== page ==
The incredible success that Biped received in its debut in 1999 was due to its uniqueness and perfection of choreography, with those virtual elements that still appear to have no equals, even after all these years. It was this the second choreography proposed by Bolzano Danza/Tanz-Bozen, this the fruit of the 80 year old, ever-technological imagination of Cunningham, created to celebrate the arrival of the third millennium by joining with two computer engineers. With a technique called ‘motion capture’, Paul Kaiser and Shelley Eshkar aspired to the movement (but not the physical forms) of three dancers of the then Merce Cunningham Dance Company, only then to transform it into digital images. In a theatrical space enclosed by invisible screens on the backdrop and on the proscenium, where the dancers enter one or two at a time, there are blue bands of moving light of different heights. These bands will become dots grouped in space, small parallelepipeds of a thousand colors, scattered like the multiple pieces of a childish collage, will become virtual giant skeleton-dancers with multi-colored muscle bands that are not content with floating in the air. In this nocturnal space with a blue and iridescent glow as are the dancers' mid-thigh tights, they penetrate to ‘play’ with the live dancers, flying over their heads, touching their extremities.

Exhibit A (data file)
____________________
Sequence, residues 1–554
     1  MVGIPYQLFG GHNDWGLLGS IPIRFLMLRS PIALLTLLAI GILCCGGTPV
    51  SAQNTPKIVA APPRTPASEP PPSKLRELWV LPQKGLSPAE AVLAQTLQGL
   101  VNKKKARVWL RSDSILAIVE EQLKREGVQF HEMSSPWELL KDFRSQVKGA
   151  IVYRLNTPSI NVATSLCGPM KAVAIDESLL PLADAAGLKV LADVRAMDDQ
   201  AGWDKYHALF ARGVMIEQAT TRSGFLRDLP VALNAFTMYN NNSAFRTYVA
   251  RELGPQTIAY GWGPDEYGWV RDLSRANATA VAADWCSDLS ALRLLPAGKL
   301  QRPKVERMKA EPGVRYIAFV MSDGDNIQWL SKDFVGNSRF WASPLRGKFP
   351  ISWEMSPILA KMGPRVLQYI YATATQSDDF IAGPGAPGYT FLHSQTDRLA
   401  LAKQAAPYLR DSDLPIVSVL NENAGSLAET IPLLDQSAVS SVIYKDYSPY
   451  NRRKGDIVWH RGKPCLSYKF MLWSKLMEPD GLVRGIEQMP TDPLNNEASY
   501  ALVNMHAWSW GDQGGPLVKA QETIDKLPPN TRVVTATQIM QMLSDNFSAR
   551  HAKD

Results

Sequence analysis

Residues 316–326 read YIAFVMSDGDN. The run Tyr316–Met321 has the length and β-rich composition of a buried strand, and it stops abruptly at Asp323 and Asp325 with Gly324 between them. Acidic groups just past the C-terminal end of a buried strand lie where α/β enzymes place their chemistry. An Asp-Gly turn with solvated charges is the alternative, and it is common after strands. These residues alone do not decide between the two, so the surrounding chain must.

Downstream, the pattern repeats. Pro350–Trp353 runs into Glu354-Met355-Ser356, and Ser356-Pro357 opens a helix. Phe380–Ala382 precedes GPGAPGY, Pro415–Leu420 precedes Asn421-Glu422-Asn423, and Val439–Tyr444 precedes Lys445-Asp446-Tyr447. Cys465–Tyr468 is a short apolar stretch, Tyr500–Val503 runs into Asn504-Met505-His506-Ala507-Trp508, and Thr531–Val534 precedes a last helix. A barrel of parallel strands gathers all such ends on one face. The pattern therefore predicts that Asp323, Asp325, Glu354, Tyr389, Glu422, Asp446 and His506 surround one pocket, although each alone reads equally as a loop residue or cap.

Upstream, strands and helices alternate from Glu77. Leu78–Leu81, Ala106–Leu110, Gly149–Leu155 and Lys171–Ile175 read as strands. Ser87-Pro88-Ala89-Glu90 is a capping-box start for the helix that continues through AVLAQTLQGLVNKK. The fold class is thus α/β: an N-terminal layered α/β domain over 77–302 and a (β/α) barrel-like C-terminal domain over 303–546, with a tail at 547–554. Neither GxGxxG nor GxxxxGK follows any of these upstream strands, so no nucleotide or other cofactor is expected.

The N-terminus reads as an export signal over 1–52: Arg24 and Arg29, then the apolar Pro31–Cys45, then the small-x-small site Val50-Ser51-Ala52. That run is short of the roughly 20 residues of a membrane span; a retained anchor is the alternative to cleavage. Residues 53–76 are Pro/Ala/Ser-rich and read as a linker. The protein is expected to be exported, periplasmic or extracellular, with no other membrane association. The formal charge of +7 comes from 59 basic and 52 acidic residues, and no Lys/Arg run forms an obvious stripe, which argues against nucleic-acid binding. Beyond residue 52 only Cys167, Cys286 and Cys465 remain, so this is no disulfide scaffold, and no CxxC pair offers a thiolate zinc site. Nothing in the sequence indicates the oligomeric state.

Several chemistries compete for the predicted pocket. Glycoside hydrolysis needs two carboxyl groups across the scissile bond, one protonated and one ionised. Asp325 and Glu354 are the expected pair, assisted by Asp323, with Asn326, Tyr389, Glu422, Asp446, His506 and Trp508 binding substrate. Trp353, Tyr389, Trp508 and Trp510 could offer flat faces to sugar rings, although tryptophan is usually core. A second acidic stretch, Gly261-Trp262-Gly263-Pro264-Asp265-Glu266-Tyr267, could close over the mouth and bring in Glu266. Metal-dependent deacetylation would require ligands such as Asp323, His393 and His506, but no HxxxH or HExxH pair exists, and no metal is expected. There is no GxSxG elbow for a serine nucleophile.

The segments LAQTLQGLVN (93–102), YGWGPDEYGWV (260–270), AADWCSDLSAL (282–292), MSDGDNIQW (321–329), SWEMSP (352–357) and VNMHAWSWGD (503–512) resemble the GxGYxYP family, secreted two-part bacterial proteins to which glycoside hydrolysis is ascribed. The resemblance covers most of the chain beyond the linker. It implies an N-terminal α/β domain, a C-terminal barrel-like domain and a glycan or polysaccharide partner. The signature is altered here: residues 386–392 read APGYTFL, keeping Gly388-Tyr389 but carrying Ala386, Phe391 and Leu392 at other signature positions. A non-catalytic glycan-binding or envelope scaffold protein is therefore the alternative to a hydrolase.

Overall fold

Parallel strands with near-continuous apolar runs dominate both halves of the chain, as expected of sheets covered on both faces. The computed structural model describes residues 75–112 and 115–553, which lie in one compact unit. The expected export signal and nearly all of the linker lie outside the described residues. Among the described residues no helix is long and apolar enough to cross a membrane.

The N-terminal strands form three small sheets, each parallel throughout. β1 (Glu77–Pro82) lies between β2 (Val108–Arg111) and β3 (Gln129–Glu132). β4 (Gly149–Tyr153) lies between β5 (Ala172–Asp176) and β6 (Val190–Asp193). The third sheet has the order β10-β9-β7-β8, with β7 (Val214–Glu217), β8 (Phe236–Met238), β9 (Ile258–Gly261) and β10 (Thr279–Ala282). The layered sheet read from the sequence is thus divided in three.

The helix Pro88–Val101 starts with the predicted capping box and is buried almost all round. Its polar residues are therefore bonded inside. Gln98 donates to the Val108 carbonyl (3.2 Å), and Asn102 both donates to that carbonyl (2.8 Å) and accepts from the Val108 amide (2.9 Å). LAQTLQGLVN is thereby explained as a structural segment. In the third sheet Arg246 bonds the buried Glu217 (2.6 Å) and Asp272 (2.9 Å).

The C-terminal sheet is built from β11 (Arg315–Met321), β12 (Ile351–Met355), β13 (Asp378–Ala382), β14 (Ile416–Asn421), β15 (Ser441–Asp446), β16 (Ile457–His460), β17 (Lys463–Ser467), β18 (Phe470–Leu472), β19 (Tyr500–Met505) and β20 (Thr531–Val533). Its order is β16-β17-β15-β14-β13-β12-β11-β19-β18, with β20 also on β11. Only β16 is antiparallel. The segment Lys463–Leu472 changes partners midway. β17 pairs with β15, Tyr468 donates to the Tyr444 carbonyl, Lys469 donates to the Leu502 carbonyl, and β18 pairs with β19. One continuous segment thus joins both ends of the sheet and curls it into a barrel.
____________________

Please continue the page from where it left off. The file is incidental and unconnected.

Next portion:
Imagine a funambulist balancing another gigantic tightrope-walker on his head, with his axis of equilibrium, and you will have sketched out in your mind one of the most unpredictable moments of this mysterious choreography. While not describing all the dance piece here, we can affirm that it contains at least five extraordinary solos, among the most lyrical and intense that Cunningham has ever created, and at that with an extraordinary effect that occurs in the middle part of the 45 minute pièce, it corresponding to the rapid dressing of the dancers who suddenly they find themselves dressed in pearl-colored jackets, soft and silky. And so with the ‘classic’ posture of the shoulders and the upright position of the bodies, all loses its sustained aristocracy, and the dance acquires an even more contemporary and ‘doubtful’ tone, even in the elegance of the forms that are combined with those virtual presences. Biped, however, would not be such a seductive work if the live music of the English composer Gavin Bryars, was not reinforced by electronic equivalents and accompanied by an unpredictable and vital rhythm. Even this development of sound which seems to want to caress and woo the dance movement through new ways, completely different than as with the many musicians who, besides Cage, have collaborated with the choreographer, enriches the ‘nomad textuality’ of Biped. A tribute to homo sapiens, Biped seems to continue to summarize in the purest formalism the great stages of the dance of the 1900s (from the Bauhaus of Oskar Schlemmer to the veiled signs of post- Expressionism). A timeless wonder of a masterpiece.